Over and over again, we hear to become closer to God, to believe more fully in God, we must believe with a childlike wonder, childlike faith. Matthew 8:13 says:
“Truly, I say to you, unless you turn and become like children, you will never enter the kingdom of heaven.”
I never really understood this, and perhaps I still don’t, but something Pope Francis said in a relatively recent interview made me think of this phrase and think about it from a bit of a different angle. And I kind of like it.
Personally, I didn’t quite catch this when I first read the full interview. It was when I read this response to the interview that I understood the enormity of what Pope Francis was saying. Yes, I understood he wasn’t saying abortion, contraception and homosexuality weren’t actually considered sins. That I understood. But I didn’t quite catch what he was saying about the church until I read this:
The Church’s moral teachings flow from the Gospel. The Church’s moral teachings are a consequence, not the cause, of Christian faith. They rooted in Him and lead us back to Him. The moral teachings of the Church are important precisely because (and ONLY because!) they are rooted in the Truth about man, revealed in Jesus Christ, Son of the Father, who sends His Holy Spirit upon His bride the Church.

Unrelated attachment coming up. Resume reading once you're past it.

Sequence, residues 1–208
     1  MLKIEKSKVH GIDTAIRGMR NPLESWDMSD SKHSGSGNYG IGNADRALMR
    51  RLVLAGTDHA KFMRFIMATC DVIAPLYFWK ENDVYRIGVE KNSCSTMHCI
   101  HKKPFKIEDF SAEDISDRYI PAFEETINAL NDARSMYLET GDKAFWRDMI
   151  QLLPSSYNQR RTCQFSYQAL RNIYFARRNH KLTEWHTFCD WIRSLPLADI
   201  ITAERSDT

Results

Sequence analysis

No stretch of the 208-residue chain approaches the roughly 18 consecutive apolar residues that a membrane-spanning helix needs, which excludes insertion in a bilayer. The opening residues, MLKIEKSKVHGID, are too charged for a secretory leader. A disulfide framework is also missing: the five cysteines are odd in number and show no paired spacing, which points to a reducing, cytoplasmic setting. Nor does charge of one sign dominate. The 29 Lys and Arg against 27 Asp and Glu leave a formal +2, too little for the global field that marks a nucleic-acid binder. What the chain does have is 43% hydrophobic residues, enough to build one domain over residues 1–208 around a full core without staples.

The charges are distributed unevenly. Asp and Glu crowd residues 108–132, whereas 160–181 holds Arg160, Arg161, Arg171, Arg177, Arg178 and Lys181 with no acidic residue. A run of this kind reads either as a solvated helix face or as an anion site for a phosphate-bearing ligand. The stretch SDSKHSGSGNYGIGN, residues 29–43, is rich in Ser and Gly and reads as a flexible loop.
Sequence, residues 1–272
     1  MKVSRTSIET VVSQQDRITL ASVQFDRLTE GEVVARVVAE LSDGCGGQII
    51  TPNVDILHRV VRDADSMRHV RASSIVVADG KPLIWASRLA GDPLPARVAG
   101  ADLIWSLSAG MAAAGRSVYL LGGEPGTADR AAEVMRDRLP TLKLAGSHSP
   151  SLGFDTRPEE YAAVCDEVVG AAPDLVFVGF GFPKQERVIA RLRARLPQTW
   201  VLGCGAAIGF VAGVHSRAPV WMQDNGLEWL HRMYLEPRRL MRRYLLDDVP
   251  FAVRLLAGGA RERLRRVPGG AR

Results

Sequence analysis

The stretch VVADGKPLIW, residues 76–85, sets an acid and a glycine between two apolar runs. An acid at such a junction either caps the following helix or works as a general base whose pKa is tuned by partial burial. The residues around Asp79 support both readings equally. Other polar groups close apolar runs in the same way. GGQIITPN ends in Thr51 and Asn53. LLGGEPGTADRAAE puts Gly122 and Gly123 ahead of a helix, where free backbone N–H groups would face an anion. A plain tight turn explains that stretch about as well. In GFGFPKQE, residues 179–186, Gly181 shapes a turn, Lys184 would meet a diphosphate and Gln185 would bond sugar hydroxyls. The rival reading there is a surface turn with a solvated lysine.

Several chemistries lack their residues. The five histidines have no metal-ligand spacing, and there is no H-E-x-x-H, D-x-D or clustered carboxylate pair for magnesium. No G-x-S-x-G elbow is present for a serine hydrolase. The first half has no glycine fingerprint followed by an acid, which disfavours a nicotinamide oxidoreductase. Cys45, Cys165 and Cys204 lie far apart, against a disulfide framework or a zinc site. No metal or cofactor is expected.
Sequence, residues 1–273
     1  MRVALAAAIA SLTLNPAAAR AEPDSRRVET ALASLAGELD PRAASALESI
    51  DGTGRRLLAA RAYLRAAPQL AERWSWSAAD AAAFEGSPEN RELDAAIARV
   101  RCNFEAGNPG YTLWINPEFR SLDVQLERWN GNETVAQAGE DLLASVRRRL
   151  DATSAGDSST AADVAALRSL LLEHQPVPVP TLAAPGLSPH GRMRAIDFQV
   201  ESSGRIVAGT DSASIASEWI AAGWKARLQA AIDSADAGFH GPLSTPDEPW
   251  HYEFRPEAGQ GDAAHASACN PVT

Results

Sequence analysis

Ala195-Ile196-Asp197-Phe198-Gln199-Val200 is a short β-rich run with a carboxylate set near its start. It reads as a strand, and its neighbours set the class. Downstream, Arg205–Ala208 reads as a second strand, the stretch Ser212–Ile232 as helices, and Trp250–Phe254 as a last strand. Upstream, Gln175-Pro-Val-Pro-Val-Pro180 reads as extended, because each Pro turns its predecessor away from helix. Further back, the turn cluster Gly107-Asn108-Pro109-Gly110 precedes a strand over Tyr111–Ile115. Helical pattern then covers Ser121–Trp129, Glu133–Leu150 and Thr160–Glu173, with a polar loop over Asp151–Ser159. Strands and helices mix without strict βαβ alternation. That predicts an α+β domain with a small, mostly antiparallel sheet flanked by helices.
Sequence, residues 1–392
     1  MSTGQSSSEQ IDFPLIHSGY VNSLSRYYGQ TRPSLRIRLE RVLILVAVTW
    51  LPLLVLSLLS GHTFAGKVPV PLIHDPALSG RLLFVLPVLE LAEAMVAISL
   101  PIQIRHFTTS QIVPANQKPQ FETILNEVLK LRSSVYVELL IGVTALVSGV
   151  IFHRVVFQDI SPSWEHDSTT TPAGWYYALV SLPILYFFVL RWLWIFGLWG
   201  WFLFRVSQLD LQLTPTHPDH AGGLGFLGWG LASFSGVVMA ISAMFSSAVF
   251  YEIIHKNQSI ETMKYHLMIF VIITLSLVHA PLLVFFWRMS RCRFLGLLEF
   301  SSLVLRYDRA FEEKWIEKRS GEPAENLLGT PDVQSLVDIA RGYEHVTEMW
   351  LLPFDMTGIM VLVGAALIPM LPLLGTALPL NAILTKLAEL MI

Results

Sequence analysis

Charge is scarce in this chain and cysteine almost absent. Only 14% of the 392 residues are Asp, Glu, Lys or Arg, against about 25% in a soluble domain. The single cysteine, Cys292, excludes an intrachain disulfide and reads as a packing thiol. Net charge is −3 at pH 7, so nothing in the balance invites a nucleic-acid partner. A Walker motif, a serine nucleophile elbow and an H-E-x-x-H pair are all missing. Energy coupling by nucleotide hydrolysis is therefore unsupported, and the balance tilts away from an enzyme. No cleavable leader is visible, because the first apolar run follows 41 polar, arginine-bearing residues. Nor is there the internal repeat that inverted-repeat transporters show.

These things (abortion, contraception, homosexuality, etc.) are important because they go against the Truth that is revealed in Jesus Christ. But if people – Christians, Catholics, anyone in general – do not have the strong foundation and framework to understand this, they cannot fully reason as to why these things are sins. As Stephen White says in the aforementioned Catholic Vote article, while our Catholic faith is guided by rules and ideals, that is not where our faith begins. Our faith begins with a love of Jesus Christ and a desire to live a Christ-like life. This is the ultimate way to show our love for our Savior. We are all sinners, we all make mistakes, but if our focus is on living a life similar to that of Jesus, we are on the right path.
So what does this have to do with childlike wonder? Maybe not much. But for me, when I read Mr. White’s article, that was the first thing I thought of. And for the first time, the idea made sense. I had always viewed it as a statement of ignorant, blind faith, something I’ve always struggled with. But in reality, I think it is more to emphasize that love for all is what our lives should be based upon. Not rules and regulations, not monetary or career success, not bogged down by the worries of adult-life, not judging others, not any other thing. Just love. A profound, deep, self-giving love for the greater good. If we can all step back and refocus our lives on self-giving love for ourselves, our families and our neighbors, then we are living life with the simplicity and grace of a child. I think that is what matters.